My last quote inspired article, "Game Balance and the Conformist Utopia" seemed to be greatly enjoyed by our readers so I decided to follow it up with another one.
Gary Gygax, often dubbed the father of our hobby, is obviously beloved by nearly everyone. Why not? He inspired countless men and women, was friendly and welcoming to those he met, and above all passionate about what he did. Yet Gary, like all of us, was not perfect. For proof we need go no further than Gary himself.
"There's a number of things in Advanced Dungeons & Dragons that I never should have done. I shouldn't have put Psionics in there, but somebody talked me into it." -Gary Gygax
So as we see, Gary didn't regard himself as perfect, nor did he see his creation as a flawless masterpiece. As seen above he particularly regretted addition psionics into the game.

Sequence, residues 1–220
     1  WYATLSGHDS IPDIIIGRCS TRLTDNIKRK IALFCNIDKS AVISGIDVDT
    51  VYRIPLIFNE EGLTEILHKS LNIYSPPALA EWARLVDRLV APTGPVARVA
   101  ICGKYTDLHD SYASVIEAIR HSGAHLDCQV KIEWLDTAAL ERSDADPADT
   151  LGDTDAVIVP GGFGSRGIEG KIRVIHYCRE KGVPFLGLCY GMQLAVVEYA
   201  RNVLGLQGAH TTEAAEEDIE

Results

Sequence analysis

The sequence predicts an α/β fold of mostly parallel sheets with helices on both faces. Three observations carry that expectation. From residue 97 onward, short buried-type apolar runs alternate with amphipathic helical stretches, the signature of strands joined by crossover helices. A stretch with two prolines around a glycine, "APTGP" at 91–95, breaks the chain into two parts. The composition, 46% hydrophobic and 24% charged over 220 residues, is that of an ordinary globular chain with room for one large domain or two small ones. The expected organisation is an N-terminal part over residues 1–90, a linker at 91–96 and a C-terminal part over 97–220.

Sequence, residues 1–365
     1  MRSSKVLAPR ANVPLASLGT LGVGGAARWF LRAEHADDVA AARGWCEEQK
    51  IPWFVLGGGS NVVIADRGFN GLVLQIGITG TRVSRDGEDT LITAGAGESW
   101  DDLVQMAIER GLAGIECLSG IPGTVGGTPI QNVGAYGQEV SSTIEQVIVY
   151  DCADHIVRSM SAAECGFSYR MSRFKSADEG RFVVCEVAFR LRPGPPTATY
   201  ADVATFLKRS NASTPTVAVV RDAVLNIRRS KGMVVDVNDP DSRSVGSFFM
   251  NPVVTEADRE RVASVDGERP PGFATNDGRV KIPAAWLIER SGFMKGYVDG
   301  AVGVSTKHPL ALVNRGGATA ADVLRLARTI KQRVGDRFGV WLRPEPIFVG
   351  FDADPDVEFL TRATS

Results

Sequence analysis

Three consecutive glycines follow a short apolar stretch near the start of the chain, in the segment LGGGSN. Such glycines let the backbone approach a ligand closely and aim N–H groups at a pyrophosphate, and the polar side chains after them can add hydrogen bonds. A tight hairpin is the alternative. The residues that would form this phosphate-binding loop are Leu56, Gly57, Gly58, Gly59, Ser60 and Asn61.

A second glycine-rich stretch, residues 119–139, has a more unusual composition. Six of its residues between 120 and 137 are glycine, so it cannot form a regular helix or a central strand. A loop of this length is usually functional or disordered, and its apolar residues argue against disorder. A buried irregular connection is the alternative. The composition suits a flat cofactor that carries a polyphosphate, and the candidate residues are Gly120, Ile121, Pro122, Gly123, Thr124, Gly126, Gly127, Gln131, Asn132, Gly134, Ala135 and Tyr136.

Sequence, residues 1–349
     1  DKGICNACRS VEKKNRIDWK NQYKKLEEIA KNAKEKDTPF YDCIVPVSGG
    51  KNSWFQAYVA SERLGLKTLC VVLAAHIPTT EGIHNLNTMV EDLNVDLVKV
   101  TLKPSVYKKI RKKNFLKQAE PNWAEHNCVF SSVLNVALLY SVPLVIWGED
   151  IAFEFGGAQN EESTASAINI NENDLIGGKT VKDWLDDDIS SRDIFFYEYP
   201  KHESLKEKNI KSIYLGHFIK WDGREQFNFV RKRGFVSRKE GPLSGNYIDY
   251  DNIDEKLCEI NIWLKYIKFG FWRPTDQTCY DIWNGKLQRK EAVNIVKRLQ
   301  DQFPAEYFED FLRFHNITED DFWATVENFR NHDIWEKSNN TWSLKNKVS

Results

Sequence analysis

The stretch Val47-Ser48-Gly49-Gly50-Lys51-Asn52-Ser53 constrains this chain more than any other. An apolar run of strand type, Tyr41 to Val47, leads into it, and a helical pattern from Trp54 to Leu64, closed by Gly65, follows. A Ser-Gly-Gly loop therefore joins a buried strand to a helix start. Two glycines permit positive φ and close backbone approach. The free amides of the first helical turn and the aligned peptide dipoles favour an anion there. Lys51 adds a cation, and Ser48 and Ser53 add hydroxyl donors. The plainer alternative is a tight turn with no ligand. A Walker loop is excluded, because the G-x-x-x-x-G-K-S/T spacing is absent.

Psionics remains something of a hot button issue today. Most people harbor a strong dislike for them, preferring to leave them out of their own games. Others harbor a strong and fervent love of them and tend to lash out at those who take pot shots at one of their favorite parts of D&D.
I gave psionics a go multiple times, but just found that they generally don't fit in games and settings that I play. They are too close to magic to have each be special and play a vital role in both the setting and the story. I have played with people who used psionics to replace magic altogether, and in my opinion this would probably work better than having both and creating a big jumbled mess, but would alter the feel to be something other than a typical fantasy setting. Given the psionic abilities in 3rd edition the game would probably feel more like a sci-fi game than a fantasy one, though it would probably be really cool if you were playing a post-apocalyptic fantasy game.
Giving the Mega-Dungeon a whole new meaning